How to write a good JIRA ticket
1. Before you file a bug, check that it's not already filed
Before you fill in a bug report, search through existing bugs to see if any match what you're about to report. If you've encountered it, it's quite possible someone else has, too.
If you do find a bug that seems to match yours, add a comment to the JIRA describing any additional information you can: different context or environment, new information, suspicions as to the cause...
2. Consider your audiences when writing the one-line summary
JIRAs will be read by a variety of people:
- those searching the database to see if a problem they've encountered has already been reported
- those assigned to fix a bug
- those reviewing bugs in preparation for releases
The one-line summary should describe the issue from a behavioural perspective: "The grommet doesn't come off when the flange is twisted," "Activating the floople causes everything to freeze," etc. The reader should be able to know from this summary whether or not what they are experiencing is already something we know about and will fix.
3. Provide details
The Description section of the JIRA should include the following:
- Instructions for reproducing the bug. If you have a link to a page for this, that's helpful.
- Additional details about the general context
- If the behaviour is different than expected, describe the expected behaviour.
- Explain implications for the larger picture.
The description is also a place to include more technical information that might be helpful to whoever tries to fix the bug:
- any console logs or error messages
- any details you may have tracked down while investigating
- any suspicions as the technical cause of the problem
- any suggestions for how it might be resolved
4. Fill in the other fields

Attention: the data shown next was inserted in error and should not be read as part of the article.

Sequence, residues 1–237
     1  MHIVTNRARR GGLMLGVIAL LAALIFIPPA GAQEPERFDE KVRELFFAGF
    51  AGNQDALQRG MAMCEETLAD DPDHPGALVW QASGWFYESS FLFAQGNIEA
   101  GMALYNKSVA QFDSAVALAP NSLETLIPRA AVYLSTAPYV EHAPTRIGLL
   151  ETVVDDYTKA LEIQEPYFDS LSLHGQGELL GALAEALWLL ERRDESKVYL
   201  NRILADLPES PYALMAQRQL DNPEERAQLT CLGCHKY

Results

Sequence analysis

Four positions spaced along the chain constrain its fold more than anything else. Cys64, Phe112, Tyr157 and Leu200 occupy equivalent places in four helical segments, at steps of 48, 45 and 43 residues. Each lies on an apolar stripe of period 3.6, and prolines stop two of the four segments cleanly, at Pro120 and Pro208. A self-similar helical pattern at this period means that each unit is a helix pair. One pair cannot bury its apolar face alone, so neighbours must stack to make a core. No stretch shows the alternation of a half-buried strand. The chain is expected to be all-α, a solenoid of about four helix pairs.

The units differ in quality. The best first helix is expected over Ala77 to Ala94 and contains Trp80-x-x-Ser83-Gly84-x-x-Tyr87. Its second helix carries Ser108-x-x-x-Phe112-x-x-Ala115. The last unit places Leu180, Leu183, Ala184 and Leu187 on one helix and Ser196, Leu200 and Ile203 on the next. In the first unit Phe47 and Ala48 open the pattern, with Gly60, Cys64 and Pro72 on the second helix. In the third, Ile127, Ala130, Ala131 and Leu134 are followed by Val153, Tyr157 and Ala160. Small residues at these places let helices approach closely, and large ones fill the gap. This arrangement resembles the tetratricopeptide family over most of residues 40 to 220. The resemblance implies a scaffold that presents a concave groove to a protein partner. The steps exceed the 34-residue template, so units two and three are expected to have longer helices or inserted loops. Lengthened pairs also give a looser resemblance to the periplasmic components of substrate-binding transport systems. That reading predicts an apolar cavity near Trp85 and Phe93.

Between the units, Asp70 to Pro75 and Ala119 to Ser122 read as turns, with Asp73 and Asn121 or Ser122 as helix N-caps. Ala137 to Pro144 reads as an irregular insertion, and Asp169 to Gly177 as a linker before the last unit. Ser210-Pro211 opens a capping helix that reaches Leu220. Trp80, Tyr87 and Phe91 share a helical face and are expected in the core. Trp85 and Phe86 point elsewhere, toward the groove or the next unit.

Remember to fill in fields like the Component and the Environment.
The "Affects Version" should be the version in which you observed the problem. If you observed it in trunk, then
- if it will be fixed as part of the next release, don't set the "Affects" version - just the "Fix" version
- if it won't be fixed for the upcoming release, then the "Affects" version should be the upcoming release
Keeping JIRAs up-to-date
1. If you explain a JIRA to someone (or ask someone for an explanation), update the JIRA
If you had to ask the person who filed a JIRA for more information, then use that information to update the JIRA: refine the summary, add details, add instructions for reproducing, etc.
2. If you discuss the JIRA in the channel or on the list, add a link
Our IRC channel is logged on the wiki, and the mailing lists are archived. If you use either of these venues for a discussion about a JIRA, comment on the JIRA summarizing any conclusions of the conversation and include a link to the conversation.
3. If you're reviewing JIRAs, make any necessary changes
If you encounter JIRAs that are missing a component, or if a priority seems wrong, or the Affects version needs updating, please feel free to fix them.